Sunday, March 13, 2005

When I start teaching, I'm going to tell them to fear punishment by death...

You know, when I take a faculty position somewhere someday and start teaching young engineers engineering, I think I'm going to try to provide a new kind of encouragement for them to take pride in their work later in life. That is, I think I'll try to explain to them that if they slack off even a little bit some idiot somewhere is going to give in to the frustration of using their software or hardware and crack. That idiot is going to track them down, target them, and kill them. It's a certainty. The only thing they can do to save their own lives is to spend a little extra time in the office on weekends and make sure that EVEN IF MANAGEMENT WANTS TO CUT FEATURES, it is their responsibility to make sure the end product has 100% of its functionality. They need to be smart, or someone is going to go and kill them.

Anyway, I spent a good majority of the night wasting my time getting some new hardware up and running. I'm not going to bother with details. I'm just going to make a long story short and let you know my desire to kill (to taste blood even) after I was finished. I'm still not happy with how things sit, but at least they work consistently provided I tilt my head in a certain way.

So that will be my first task as a new faculty member -- to convince young engineers that they should constantly be in fear of losing their lives, because eventually some Unibomber or other whacko out there is going to come and kill them. It's inevitible. I feel it would be irresopnsible for me to NOT deliver this message, as it is certainly true, and people need to know this.

Protect yourself. Don't release bad hardware and software. If you feel the desire to do so anyway, just kill yourself and save yourself the surprise. If management tells you to skimp, kill yourself to make a statement. Make it public too. It's no good to go and kill the management and then kill yourself as it just makes you look barbaric. Kill yourself publically without threatening anyone else to show you were just doing a service. Do it publically so that people can see how bad your management is.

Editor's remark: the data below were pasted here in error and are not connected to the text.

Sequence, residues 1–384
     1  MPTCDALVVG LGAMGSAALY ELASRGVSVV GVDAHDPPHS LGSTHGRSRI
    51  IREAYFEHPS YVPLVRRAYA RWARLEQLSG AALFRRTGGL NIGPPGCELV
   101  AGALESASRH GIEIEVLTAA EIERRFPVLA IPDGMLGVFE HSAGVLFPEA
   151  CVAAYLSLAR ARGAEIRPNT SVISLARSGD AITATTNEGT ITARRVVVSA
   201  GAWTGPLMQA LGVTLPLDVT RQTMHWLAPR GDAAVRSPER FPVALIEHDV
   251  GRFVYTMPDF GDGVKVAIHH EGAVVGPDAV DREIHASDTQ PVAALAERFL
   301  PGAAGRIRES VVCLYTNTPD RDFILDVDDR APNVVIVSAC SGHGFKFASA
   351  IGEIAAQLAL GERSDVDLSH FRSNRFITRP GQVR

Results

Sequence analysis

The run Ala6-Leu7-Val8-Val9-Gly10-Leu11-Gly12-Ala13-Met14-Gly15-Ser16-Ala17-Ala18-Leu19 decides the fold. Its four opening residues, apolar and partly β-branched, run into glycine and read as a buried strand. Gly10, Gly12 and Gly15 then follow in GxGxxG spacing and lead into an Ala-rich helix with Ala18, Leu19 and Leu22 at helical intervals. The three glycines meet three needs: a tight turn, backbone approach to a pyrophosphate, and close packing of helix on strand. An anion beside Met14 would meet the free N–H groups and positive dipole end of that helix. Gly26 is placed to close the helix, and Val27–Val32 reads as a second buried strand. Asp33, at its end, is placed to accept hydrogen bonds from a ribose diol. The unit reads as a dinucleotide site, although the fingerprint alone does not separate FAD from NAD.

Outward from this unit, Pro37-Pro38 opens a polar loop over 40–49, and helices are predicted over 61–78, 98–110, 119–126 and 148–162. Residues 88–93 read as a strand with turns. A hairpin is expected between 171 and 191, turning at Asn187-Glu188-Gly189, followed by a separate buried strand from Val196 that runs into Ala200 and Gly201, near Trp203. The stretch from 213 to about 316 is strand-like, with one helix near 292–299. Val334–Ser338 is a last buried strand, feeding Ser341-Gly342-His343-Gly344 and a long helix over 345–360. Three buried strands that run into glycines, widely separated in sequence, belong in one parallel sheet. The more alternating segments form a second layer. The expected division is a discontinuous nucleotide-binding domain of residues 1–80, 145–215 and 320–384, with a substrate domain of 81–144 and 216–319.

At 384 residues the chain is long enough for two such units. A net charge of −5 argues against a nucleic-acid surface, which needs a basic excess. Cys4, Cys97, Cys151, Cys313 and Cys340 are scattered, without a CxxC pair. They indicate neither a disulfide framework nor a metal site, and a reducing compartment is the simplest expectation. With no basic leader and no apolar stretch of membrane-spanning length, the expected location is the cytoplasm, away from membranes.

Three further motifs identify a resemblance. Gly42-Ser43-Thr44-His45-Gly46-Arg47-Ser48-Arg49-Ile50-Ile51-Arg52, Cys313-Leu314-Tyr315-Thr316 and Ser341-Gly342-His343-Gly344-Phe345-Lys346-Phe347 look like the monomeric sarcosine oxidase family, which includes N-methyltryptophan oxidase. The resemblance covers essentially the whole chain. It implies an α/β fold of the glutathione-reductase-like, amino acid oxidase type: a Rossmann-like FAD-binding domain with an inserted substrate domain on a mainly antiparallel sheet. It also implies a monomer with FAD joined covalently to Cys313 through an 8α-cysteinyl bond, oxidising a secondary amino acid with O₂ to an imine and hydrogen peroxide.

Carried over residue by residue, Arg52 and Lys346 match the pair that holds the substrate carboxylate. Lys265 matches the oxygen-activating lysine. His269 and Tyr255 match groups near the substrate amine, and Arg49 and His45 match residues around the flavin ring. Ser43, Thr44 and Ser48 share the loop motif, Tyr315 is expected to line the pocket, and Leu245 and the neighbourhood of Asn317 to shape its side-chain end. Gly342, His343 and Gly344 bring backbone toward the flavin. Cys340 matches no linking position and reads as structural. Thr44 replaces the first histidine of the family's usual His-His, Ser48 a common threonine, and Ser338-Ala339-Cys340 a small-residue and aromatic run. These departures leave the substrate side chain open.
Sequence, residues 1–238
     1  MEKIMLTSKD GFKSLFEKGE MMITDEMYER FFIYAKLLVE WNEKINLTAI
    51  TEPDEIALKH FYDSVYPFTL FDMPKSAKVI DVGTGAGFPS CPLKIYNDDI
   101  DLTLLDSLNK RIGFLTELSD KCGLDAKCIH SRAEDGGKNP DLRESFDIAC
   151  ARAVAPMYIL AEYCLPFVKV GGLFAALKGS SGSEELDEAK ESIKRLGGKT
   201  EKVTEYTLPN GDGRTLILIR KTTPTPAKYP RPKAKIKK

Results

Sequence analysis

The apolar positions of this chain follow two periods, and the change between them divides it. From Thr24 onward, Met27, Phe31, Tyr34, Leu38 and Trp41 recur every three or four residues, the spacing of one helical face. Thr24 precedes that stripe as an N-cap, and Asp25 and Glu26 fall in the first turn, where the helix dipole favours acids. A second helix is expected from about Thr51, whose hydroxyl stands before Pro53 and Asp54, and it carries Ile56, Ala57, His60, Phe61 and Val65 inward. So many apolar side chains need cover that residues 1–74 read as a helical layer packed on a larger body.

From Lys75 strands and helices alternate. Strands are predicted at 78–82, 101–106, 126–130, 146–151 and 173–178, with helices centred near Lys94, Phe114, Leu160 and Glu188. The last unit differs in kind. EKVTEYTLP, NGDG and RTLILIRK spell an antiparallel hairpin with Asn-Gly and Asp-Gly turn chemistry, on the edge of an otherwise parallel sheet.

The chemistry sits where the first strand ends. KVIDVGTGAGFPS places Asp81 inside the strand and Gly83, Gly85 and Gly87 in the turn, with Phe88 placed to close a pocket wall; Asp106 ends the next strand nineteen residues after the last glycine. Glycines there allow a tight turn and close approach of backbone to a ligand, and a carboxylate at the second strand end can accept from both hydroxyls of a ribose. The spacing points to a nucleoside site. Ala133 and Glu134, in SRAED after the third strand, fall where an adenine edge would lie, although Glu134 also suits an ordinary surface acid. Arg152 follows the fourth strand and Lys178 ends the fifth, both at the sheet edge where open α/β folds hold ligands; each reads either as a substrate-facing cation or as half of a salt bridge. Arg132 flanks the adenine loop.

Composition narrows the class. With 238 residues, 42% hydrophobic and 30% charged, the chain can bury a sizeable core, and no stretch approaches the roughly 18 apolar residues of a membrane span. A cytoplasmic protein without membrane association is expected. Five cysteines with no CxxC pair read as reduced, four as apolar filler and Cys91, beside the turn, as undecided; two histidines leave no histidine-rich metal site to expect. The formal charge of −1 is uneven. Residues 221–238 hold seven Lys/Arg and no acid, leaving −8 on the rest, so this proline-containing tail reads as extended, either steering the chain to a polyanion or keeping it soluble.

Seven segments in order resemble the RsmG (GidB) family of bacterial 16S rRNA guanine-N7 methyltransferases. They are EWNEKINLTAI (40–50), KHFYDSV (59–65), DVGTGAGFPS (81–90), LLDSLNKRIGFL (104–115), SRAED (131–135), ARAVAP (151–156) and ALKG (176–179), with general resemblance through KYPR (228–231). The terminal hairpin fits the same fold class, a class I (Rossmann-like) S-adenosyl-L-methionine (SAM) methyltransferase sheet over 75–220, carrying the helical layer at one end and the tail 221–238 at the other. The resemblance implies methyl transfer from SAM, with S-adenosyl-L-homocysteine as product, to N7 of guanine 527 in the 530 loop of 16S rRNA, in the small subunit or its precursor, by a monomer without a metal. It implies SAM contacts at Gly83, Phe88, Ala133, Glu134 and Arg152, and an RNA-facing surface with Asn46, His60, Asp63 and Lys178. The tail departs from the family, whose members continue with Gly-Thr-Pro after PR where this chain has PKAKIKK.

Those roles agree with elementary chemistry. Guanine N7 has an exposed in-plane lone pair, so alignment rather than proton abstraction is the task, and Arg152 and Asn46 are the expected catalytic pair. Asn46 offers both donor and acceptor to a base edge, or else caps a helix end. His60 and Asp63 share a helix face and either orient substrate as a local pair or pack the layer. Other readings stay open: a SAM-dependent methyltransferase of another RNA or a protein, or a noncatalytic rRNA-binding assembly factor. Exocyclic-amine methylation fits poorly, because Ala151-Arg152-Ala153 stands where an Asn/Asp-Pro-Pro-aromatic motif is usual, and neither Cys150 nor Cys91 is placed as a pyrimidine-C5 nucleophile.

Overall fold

It's time for us to start raising the stakes. Technology simply is not to blame. People are to blame, and they are going to be held accoutable soon, and the young engineers need to be aware of this, and start raising the bar.

1 comment:

Theo said...

I've been thinking more about this, and I think there's a lot of merit to this suggestion.

You see, much of the early electromagnetics and control (in general, engineering) literature that we have comes from the Russians. I remember doing a research project in undergrad where the prof was finding books I could read for resources when he asked, "Do you speak Russian?" Apparently it was a big deal that I didn't.

One reason the Russians have done so much good analytical work is simply because they haven't had the technology to do the simulations that allow them to do the work numerically. Americans turned to computers where Russians (Soviets, in particular) were forced to just do the math.

However, even before computers were available to engineers, the Russians had a very different engineering tradition. Why? Because the czar often would punish failure with death. Because of this, Russian technology has THROUGH HISTORY always been bigger and bulkier and more redundant. That doesn't mean it was safer, necessarily. Keep in mind that the Russians were using nitrogen-enriched air long before anyone else. The purpose of this was to prevent explosions within the cabin that would kill all of the astronauts (sound familiar?); however, the consequence of it was that the Russians needed MUCH larger rockets to carry the heavier nitrogen. These larger rockets ended up resulting in much larger catastrophes on the ground (hundreds of scientists killed at a time, for example)... but the whole idea to use them in the first place came from a tradition of building something bigger and stronger just in fear of their lives.

That's why the socialist spirit has worked so "well" over there. There WAS incentive for people to do better things. If they didn't keep striving to do better, they'd get KILLED.

So I think death is a great way to encourage the next generation of engineers not to be dumbass Alan Piscetello assholes. Yeah. I do.